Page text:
Clay is readily available and using some modern version, you might create some really nice runes, all in the safety of your own home. If you are taking a ceramics course, you could even create something really spectacular with a kiln and some glaze, but that can be hard to come by. The only problem I have with clay/ceramic is fragility. The first set of runes I had was ceramic. They were very nice. Because I took them everywhere, and used them fairly often, they had a tendency, when exposed to certain stresses to break. I would be as gentle as I could, but even then, sometimes, it would break. So, if you aren’t going to be traveling with it, and will keep it in a padded container, ceramic/clay can be a very nice medium.

I have seen plastic “runes” of other types. I have never seen one made of the runes used in Scandinavian countries. I am not ever sure where you could get plastic to make those types of runes. You would probably have to buy them.

The final type is crystal. This is much like stone, except for the structure of the crystal itself, which you might have to consider if you are carving into it. It would also require skill and specific instruments to carve it. Unlike some stone, it does not lone itself well to sharpie or paint unless you have already carved out the area. Most of these are usually going to be store bought.

After the choice of medium, it is a choice of how to and what to color your runes. You may choose not to color them at all, but I have found that by using a color, it makes the runes vivid and easily seen, especially when working with natural materials. The traditional color to use is shades of red, generally darker. The most traditional coloring was blood, which has a distinctive brown-red hue when it dries. Other traditional pigments I have read about are red ochre (a type of mineral) alder sap (which is also red) and any other natural red pigment. You could also just use paint. As you can see, red is the traditional color used for runes. That is the color I used, and I highly recommend it. I have read that one could use blue, and in Edred Thorsson’s books, he give color values for each rune. You could color each rune a different color, given those values, or any other color value that you might determine, from other texts, or personal insight. Most ceramic runes I have seen were colored red, while the precious stone runes typically used a metallic pigment or leaf to color in the carvings. If you are using paint or liquid pigments, you could add essential oils, drops of fluid condenser or personal concerns, to add power or special connection to the runes.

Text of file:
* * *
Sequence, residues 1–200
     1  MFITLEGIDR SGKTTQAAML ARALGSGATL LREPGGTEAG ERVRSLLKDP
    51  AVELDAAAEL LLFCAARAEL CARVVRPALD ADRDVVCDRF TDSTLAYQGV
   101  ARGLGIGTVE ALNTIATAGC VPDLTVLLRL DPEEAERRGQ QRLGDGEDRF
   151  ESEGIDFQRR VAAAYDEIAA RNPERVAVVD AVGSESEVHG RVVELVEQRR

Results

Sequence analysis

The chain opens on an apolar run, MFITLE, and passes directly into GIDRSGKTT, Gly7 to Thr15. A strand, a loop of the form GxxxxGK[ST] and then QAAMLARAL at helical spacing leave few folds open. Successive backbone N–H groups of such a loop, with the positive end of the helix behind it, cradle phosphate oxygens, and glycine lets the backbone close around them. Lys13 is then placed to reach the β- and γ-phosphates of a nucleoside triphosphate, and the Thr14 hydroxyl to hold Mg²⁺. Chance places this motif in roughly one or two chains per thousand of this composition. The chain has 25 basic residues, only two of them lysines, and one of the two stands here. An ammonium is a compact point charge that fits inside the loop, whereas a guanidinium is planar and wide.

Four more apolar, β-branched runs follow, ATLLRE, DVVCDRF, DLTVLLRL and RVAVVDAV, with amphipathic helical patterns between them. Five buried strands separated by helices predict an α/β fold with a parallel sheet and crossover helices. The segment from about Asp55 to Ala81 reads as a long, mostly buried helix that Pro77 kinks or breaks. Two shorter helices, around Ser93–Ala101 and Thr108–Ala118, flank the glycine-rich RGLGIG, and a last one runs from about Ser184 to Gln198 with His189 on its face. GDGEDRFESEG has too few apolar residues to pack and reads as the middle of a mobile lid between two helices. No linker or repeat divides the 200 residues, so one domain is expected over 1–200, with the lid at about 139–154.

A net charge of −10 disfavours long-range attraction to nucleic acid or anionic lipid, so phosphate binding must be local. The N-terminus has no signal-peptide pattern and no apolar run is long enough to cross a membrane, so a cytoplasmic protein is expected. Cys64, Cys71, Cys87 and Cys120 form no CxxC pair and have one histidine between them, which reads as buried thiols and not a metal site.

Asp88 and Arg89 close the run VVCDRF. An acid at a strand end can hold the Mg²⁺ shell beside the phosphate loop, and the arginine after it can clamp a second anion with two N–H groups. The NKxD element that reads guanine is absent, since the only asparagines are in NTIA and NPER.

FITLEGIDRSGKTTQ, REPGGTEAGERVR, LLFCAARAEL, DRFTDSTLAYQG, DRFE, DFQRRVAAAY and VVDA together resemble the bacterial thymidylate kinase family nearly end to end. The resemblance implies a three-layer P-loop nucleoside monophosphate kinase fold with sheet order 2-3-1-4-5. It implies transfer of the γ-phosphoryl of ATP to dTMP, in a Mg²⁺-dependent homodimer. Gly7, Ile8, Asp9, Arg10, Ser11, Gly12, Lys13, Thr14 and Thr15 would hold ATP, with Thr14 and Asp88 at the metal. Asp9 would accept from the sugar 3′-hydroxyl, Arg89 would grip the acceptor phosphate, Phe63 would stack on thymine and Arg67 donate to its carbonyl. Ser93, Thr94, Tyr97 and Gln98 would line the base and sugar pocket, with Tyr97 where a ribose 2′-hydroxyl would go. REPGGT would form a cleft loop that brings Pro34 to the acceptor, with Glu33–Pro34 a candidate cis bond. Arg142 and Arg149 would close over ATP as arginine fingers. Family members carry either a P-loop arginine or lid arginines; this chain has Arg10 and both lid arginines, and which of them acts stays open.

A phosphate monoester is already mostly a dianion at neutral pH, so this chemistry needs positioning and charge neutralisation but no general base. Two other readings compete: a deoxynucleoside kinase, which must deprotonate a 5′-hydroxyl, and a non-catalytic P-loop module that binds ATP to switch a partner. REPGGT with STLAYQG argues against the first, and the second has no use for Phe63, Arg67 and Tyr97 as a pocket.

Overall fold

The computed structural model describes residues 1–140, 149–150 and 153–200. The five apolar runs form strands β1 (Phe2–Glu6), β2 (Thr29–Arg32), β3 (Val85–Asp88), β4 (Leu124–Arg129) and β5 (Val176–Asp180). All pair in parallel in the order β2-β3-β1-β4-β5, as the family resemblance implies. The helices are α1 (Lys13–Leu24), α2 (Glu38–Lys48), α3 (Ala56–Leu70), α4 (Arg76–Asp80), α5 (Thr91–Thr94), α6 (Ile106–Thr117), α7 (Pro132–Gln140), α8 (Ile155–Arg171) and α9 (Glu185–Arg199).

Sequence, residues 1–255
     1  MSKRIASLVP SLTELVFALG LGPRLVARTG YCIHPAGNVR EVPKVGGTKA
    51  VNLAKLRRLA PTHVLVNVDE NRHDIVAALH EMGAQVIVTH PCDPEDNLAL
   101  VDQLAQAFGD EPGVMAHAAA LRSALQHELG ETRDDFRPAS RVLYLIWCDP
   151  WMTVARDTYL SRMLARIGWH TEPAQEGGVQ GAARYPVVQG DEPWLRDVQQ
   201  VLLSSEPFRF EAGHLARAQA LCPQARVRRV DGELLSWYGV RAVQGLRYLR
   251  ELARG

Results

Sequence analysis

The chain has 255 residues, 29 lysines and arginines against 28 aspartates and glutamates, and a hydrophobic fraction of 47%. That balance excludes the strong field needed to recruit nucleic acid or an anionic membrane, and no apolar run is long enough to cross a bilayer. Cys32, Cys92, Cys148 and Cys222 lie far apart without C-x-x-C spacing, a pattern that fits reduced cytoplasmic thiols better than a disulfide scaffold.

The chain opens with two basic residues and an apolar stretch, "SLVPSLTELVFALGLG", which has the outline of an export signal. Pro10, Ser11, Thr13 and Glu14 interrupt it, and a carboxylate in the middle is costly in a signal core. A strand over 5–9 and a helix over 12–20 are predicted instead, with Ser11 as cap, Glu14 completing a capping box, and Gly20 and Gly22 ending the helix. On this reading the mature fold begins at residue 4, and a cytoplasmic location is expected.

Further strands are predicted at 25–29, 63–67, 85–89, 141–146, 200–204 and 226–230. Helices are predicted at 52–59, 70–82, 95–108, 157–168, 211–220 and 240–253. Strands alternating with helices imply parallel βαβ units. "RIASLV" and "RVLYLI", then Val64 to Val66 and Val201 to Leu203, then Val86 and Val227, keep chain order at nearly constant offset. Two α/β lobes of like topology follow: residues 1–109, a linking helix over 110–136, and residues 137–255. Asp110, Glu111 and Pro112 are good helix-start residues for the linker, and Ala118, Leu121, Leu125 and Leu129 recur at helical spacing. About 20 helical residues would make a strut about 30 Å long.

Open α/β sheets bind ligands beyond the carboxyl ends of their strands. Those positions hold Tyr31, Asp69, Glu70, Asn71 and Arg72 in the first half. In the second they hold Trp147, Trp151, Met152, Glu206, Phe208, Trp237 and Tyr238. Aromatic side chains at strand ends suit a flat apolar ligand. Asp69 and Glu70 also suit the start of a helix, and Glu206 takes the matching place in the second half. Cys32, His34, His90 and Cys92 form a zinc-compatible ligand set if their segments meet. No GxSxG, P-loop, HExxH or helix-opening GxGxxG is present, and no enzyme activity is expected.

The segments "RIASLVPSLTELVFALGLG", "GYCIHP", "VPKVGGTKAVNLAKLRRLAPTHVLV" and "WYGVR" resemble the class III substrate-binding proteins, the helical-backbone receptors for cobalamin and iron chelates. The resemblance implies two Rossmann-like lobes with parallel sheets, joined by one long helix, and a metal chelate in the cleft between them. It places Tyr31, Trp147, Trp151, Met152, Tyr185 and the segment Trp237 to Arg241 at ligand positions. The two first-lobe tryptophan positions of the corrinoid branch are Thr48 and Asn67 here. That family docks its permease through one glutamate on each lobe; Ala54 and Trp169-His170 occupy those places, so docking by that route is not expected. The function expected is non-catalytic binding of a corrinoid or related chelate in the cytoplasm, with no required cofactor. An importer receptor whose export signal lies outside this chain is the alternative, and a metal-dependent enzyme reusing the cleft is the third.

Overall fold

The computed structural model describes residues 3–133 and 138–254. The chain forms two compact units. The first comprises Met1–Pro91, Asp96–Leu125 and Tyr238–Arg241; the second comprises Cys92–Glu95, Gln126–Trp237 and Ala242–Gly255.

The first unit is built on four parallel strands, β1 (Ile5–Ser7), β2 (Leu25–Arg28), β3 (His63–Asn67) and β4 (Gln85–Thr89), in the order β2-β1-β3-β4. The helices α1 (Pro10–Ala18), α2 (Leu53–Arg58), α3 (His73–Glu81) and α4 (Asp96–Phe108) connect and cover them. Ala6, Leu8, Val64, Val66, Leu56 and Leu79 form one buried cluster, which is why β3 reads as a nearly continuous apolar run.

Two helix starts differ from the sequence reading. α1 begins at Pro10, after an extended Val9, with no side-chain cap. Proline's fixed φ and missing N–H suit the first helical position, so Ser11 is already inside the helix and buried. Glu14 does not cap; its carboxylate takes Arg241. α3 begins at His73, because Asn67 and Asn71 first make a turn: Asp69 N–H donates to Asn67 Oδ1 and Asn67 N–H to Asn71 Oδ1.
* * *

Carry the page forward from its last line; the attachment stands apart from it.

The final question is finish. With some mediums, that will be an automatic step, namely clay/ceramic and metal. It is required to color the runes to make them stand out. The only time it would not be needed for clay is when you are using the kind you can bake at home in your oven at low tempatures, which do not require a glaze. But you might want to give it a finish anyway, afterwards, just to seal it. With wood, you don’t need to seal it, but I found that even a clear seal changes the appearance of the wood dramatically, and also makes the rune stand out more (especially in red). It also gives it a very nice finish that gives it a completed look. Stone does not necessarily need a finish, and neither does crystal, except perhaps over the painted or inked on rune, although if you are using a sharpie on granite, it will be fairly enduring even without it.

Once you have completed creating the rune set, you might wish to consecrate it. I personally find that the process of carving, coloring, and finishing actually consecrates it quite well. Once the finish dried, I would then go back, and chant/sing the name of each rune, placing them in the order given by the aettirs or in other symbolic arrangements, perhaps in an eight-pointed star, or a circle with the runes in the circumference. You could also use any of the methods recommended by other rune authors to consecrate and empower/awaken your runes.